Sanders congratulated Biden on his first win and said it was nothing for his own supporters to worry about.

“Tonight, we did not win in South Carolina. That will not be the only defeat. A lot of states in this country. Nobody wins them all,” he told a cheering crowd in Virginia, one of 14 states to vote next week. “Now we enter Super Tuesday.”

After two consecutive victories and a tie for the lead in Iowa, his confidence is surging.

Biden’s second wind

Saturday was all about Biden and whether he might convince anxious establishment Democrats to rally behind him at last.

Elected officials inclined to embrace his moderate politics had been reluctant to support him after bad finishes in Iowa and New Hampshire and a distant second place in Nevada last week. Yet fearing Sanders’ polarizing progressive priorities, they’re still searching for an alternative who’s viewed as a safer bet to defeat Trump in November.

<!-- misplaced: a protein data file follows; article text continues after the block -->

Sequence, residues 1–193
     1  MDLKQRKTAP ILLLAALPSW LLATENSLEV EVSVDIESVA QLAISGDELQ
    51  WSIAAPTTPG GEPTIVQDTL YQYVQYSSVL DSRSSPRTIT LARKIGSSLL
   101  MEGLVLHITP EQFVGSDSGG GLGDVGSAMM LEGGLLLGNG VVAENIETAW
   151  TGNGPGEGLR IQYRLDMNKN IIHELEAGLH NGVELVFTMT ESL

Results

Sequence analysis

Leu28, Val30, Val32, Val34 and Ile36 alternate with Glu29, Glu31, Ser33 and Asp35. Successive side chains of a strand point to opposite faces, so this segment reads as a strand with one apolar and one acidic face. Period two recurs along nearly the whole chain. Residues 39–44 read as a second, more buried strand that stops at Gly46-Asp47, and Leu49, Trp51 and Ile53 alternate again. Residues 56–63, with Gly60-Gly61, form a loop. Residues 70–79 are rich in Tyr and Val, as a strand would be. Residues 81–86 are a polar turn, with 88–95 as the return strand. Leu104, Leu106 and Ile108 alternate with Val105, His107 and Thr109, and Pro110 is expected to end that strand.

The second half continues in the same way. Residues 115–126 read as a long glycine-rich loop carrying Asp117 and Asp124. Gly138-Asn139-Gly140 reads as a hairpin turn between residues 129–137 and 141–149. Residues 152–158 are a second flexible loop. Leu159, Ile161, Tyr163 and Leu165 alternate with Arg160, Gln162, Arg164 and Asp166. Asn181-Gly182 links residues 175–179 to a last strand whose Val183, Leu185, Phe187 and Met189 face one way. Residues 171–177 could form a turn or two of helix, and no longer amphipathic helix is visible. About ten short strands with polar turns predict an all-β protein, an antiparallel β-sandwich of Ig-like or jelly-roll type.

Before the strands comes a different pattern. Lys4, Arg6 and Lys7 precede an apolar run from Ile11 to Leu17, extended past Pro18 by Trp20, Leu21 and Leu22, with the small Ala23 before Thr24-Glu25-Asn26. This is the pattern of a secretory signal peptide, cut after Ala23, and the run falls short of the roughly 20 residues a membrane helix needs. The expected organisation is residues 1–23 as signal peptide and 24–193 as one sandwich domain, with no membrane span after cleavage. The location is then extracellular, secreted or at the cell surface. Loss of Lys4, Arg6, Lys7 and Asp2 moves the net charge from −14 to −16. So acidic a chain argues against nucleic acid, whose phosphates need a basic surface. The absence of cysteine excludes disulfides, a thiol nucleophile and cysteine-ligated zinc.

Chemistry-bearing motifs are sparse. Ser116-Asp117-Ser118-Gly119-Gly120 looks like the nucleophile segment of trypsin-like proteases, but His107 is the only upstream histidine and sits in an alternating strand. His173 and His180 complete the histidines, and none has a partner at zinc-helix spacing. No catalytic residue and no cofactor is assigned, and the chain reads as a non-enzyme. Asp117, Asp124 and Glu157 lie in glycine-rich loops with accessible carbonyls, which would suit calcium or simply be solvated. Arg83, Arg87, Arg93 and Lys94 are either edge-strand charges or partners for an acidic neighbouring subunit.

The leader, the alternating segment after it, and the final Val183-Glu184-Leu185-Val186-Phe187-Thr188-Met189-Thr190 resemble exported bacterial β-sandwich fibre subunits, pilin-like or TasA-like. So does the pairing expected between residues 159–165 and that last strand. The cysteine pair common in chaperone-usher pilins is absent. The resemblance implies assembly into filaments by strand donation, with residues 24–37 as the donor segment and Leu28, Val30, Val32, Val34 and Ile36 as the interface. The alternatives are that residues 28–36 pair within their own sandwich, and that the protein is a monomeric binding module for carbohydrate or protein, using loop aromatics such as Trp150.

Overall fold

Senior Biden adviser Symone Sanders called South Carolina a “springboard” for the campaign, on par with how the state boosted the presidential aspirations of Barack Obama in 2008 and Clinton in 2016.

‘A long way to go’

Democratic National Committee Chair Tom Perez cautioned Democrats that it’s still early in their presidential primary.

Speaking at a North Carolina Democratic Party fundraising gala, Perez noted that to win the nomination, a Democrat must win 1,991 delegates — and only a fraction of those have been allocated in the party’s first four primaries.

“We have a long way to go,” Perez said.

(FRANCE 24 with AP and REUTERS)